By Jason Spencer
Seven Republican state Senators have blocked a bill that would allow children of undocumented immigrants to receive in-state college tuition from moving forward in the upper chamber of the Virginia General Assembly.
The Senate Committee on Education and Health voted 6-7 down party lines Thursday morning to kill Virginia DREAM Act legislation, as it is known, which would have allowed students that had been granted certain status by the Department of Homeland Security and had a family history of paying taxes to pay in-state rates at colleges and universities in Virginia.
Proponents argue that the state already pays to educate such students in their younger years but then drives them away with the cost of higher education right at the time they would be entering the workforce and paying taxes themselves.
Two similar bills — one by Del. Alfonso Lopez, D-Arlington, and another by Del. Tom Rust, R-Herndon — have been filed in the General Assembly's lower chamber and remained in the House Education Committee on Thursday night, according to the Legislature's website.
The Senate bill was the effort of a trio of Democrats, Sen. Donald McEachin of Henrico County, Adam Ebbin of Alexandria and Dave Marsden of Burke.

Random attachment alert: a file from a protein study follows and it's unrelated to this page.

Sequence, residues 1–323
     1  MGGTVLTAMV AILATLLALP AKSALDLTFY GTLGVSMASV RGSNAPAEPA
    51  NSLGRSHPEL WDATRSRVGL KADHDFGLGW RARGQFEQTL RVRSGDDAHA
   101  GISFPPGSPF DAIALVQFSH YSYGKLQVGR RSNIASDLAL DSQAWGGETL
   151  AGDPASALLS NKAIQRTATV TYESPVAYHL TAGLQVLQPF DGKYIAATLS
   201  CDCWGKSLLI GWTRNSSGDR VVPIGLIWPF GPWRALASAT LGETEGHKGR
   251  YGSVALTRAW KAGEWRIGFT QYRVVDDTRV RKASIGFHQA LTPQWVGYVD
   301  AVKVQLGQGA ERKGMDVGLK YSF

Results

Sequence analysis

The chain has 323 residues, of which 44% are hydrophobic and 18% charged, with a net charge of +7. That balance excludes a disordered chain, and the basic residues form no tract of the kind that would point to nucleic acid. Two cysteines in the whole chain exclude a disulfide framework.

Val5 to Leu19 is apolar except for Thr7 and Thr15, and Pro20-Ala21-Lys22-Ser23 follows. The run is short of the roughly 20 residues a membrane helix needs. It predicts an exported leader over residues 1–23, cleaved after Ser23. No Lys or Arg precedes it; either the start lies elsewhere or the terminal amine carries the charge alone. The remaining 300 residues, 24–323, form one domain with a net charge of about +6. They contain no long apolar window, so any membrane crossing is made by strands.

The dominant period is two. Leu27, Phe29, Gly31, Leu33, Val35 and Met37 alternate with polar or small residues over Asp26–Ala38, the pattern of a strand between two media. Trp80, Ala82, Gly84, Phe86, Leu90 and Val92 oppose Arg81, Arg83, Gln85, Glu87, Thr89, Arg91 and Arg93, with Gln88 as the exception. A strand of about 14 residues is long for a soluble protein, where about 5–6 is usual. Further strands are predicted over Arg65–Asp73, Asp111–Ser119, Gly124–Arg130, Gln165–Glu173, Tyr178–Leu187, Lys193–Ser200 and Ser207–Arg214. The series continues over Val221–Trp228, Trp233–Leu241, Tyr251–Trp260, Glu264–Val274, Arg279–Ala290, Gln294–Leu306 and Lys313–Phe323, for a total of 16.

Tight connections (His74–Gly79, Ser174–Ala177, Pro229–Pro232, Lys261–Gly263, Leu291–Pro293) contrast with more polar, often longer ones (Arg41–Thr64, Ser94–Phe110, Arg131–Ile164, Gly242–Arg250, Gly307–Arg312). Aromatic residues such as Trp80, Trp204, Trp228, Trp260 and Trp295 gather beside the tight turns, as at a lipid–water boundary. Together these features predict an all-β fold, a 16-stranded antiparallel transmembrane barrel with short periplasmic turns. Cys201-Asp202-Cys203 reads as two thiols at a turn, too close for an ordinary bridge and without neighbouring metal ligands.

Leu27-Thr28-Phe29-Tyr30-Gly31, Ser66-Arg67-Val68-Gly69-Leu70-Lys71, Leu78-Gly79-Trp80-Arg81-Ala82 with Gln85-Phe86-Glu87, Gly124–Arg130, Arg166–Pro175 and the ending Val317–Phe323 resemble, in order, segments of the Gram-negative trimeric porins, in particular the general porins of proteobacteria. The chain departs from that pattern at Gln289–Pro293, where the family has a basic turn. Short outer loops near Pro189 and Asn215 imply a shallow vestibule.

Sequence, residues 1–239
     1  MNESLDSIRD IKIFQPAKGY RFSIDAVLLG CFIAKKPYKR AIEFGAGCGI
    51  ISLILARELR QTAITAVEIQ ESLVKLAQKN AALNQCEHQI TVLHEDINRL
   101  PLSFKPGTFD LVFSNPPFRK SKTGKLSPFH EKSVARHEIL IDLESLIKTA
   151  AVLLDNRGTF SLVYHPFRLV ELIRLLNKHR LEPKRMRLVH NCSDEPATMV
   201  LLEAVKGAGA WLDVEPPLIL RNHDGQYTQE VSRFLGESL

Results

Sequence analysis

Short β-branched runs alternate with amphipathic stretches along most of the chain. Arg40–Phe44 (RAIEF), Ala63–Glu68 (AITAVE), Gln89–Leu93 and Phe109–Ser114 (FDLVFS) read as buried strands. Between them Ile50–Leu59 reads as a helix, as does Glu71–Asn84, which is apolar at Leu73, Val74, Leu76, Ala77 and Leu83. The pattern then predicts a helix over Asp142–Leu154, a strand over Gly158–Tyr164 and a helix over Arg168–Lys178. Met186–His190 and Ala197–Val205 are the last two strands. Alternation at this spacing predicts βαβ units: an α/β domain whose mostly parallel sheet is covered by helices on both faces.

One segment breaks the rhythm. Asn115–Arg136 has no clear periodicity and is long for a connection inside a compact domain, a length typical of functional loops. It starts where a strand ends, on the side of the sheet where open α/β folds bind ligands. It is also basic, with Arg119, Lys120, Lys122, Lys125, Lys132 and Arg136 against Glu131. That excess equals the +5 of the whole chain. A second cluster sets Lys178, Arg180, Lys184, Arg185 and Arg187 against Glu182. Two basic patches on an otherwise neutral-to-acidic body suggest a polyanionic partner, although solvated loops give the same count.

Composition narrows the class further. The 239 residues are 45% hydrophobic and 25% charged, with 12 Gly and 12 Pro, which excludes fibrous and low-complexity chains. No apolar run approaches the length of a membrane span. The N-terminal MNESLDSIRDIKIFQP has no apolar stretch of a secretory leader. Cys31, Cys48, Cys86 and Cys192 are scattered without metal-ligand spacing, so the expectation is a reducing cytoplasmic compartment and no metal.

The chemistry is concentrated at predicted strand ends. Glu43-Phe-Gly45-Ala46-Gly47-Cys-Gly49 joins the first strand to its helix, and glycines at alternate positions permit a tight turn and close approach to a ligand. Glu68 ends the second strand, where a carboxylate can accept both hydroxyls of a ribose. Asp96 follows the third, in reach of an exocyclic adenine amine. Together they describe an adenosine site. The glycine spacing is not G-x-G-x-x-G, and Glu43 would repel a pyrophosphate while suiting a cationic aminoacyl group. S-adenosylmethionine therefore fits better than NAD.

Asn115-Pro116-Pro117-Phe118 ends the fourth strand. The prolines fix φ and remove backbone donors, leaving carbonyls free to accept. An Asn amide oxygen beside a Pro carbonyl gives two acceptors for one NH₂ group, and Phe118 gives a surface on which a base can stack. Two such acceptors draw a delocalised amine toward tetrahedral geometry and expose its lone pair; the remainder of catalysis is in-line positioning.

"These young people are a part of our communities, and they’re not going to disappear tomorrow," Ebbin said in a statement. "So why wouldn’t we give them this tool to succeed in and contribute to those communities?”
Voting to kill the Senate version of the bill was Sen. Stephen Martin, R-Chesterfield; Sen. Stephen Newman, R-Forest; Sen. Ralph Smith, R-Roanoke; Sen. Jeffrey McWaters, R-Virginia Beach; Sen. Dick Black, R-Leesburg; Sen. Charles Carrico, R-Galax; and Sen. Thomas Garrett, R-Hadensville.
Voting for the bill were Senate Democratic Leader Dick Saslaw of Springfield; Sen. Louise Lucas, D-Portsmouth; Sen. Janet Howell, D-Reston; Sen. Mamie Locke, D-Hampton; Sen. George Barker, D-Alexandria; and Sen. John Miller, D-Newport News.
Last month students who graduated from Virginia high schools filed a lawsuit in an attempt to overturn a decision by the State Council of Higher Education that makes them ineligible for in-state tuition rates.